On October 6, The Washington Institute held a virtual Policy Forum with Mehdi Khalaji, Ariane Tabatabai, and Michael Eisenstadt. Tabatabai is the Middle East Fellow at the German Marshall Fund’s Alliance for Securing Democracy. Eisenstadt is the Institute’s Kahn Fellow and director of its Military and Security Studies Program. Khalaji, a former Iranian journalist and Qom-trained theologian, is the Institute’s Libitzky Family Fellow. The following is a rapporteur’s summary of their remarks.
Negotiations between the United States and Iran are inevitable, regardless of the result of November’s election. While Iran’s leaders tend to speak aggressively when the country is strong, in times of weakness they call for dialogue. This cautious outlook was reinforced by America’s targeted killing of Qasem Soleimani in January 2020, which came as a surprise to Iranian leaders given President Trump’s public aversion to military conflict in the region.
Iran’s elites are ambivalent about the outcome of the U.S. election. On the one hand, they would likely have an easier time negotiating with a Biden administration and would relish the embarrassment that an electoral defeat would cause President Trump. On the other hand, their experience with President Obama led them to feel that negotiations with a Republican administration would be more conducive to securing a sustainable deal that enjoys support from America’s allies in the region.
After the killing of Soleimani and the COVID-19 crisis, Iran is in a fragile state. The people continue to suffer economically and psychologically, for which they view the government as responsible. The public is also highly averse to another significant shock, even as retaliation for Soleimani’s death. Iran’s leaders are well aware of this sentiment and are doing what they can not to alienate traditionally loyal segments of the population. This consideration may reduce the chance of any pre-election belligerence and even increase the likelihood of concessions in a conflict area such as Iraq, which could in turn pave the way for talks.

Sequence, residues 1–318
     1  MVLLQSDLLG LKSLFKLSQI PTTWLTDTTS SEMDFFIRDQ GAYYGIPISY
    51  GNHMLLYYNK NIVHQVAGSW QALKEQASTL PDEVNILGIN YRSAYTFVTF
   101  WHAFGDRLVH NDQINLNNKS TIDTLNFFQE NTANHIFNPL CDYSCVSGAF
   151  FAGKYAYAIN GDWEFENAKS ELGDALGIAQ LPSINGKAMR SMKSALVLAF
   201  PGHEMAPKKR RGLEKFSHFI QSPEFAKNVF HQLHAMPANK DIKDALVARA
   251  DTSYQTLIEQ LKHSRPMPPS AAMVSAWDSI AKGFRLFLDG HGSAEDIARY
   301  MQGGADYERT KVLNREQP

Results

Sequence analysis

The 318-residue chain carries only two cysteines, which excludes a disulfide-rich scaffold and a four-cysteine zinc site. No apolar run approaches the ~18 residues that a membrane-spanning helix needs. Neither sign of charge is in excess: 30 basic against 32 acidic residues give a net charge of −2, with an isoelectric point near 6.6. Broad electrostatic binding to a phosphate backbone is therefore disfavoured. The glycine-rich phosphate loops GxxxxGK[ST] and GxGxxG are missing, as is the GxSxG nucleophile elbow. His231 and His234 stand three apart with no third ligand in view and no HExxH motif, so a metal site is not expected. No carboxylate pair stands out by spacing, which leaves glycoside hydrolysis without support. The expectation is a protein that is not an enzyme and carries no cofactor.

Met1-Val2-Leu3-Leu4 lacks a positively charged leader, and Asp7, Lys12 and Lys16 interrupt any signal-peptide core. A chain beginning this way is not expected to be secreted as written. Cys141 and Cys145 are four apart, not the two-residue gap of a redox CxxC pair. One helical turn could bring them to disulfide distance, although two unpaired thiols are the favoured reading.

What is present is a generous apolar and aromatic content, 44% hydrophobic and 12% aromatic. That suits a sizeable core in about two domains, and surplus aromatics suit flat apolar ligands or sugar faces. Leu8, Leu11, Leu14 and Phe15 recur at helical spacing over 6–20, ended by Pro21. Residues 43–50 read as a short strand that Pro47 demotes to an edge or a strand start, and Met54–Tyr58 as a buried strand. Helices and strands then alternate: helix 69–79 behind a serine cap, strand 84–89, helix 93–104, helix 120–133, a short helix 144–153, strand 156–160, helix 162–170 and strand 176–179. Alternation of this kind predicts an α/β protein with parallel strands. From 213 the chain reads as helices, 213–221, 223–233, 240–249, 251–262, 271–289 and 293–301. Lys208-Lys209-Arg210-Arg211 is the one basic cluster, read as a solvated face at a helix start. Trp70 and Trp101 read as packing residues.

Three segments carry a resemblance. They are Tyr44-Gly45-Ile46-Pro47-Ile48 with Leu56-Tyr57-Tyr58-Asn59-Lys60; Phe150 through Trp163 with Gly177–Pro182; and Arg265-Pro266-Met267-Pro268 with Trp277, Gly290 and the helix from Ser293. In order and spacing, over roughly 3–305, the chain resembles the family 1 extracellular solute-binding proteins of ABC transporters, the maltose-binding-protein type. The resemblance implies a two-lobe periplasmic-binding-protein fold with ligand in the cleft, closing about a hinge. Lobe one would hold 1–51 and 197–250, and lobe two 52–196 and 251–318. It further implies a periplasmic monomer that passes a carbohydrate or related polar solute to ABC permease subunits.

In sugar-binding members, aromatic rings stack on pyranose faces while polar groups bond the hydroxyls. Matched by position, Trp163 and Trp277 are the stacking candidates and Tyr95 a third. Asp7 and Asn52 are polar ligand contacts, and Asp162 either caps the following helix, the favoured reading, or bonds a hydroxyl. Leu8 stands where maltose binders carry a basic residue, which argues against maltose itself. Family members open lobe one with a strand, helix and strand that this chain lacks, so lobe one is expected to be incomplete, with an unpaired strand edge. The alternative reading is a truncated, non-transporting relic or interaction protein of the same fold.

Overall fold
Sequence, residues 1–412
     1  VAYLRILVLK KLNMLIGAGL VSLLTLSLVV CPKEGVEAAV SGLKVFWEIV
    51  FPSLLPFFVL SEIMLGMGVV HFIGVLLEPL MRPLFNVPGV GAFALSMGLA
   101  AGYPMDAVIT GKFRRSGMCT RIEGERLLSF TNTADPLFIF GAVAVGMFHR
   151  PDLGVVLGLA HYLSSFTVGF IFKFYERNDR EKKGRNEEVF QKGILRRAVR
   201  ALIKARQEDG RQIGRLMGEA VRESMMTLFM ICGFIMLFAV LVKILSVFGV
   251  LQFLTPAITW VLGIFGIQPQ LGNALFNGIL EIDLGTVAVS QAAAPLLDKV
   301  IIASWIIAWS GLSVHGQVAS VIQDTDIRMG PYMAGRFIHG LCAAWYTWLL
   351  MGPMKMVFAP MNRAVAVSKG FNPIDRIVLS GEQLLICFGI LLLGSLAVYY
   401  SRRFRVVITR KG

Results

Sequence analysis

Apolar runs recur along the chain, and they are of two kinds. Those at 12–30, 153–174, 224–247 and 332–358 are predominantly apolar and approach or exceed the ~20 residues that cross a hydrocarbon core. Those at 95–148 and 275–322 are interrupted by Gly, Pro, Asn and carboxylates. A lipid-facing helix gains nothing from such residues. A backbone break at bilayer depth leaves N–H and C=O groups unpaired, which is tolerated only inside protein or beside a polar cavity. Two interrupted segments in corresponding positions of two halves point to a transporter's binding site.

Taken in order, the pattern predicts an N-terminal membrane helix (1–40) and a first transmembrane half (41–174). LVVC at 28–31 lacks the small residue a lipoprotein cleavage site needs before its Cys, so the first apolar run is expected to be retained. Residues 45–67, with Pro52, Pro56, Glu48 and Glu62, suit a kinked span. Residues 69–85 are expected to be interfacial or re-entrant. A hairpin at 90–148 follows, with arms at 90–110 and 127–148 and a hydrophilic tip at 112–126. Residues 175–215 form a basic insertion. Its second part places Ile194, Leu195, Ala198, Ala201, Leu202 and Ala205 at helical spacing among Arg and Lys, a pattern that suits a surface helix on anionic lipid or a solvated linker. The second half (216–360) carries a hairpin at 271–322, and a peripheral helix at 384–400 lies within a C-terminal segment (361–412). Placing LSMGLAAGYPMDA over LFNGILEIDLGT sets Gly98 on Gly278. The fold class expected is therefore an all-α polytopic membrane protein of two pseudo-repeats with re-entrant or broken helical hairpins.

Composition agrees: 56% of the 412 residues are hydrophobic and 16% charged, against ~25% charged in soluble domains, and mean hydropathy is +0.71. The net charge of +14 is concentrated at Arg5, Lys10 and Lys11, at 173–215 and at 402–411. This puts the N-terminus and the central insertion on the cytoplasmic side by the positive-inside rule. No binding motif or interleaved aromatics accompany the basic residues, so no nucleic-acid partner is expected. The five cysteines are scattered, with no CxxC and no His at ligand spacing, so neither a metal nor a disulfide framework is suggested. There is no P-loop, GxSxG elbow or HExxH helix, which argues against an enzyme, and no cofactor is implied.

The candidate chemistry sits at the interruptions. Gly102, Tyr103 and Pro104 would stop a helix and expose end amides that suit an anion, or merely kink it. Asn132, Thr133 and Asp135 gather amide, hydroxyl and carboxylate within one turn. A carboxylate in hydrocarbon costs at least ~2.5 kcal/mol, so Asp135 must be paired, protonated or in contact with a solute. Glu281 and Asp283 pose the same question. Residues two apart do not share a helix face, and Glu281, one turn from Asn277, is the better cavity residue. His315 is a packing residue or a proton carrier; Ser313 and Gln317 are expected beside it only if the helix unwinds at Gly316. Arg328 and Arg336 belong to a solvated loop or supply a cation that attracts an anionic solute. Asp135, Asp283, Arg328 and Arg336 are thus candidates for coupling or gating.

If Supreme Leader Ali Khamenei chooses to negotiate with the United States, it is unlikely that his delegation would include current president Hassan Rouhani, foreign minister Mohammad Javad Zarif, or any other members of the previous negotiating team. Rouhani’s critics in government insist that the Joint Comprehensive Plan of Action (JCPOA) surrendered too many of Iran’s interests, though they affirm that the country is now in a better position to negotiate.
Iran’s primary objective in the run-up to the U.S. election is to preserve the status quo while applying limited pressure on Washington. As such, the Islamic Republic’s leaders are quite content to sit back and wait for the results.
Iran’s main pre-election activity has been in the information and cyber realms. The Iranian state has amplified COVID-19 conspiracy theories, and officials have also publicly criticized racial injustice in America, even expressing their support for this year’s protests in U.S. cities. Such actions aim to exacerbate American political polarization and diminish the appeal of democratic governance abroad and domestically. Additionally, Iran-backed entities have recently attempted to hack numerous prominent targets, including the Trump campaign, the World Health Organization, and companies conducting COVID-19 vaccine research.
Iran has also avoided several potentially escalatory steps in advance of the election. Although the country continues to violate the JCPOA, it has not made any additional provocative moves in the nuclear realm in recent months. Such inaction effectively keeps the deal on life support until after the election. International monitoring and verification can help prevent development of a covert weapons program, yet the Islamic Republic’s decision so far not to build a nuclear bomb is seen as more of a political choice than the result of technical impediments. Iran may decide to develop a weapon as a source of leverage in future negotiations, especially in the case of a Trump reelection, but there is no indication it has made that decision already.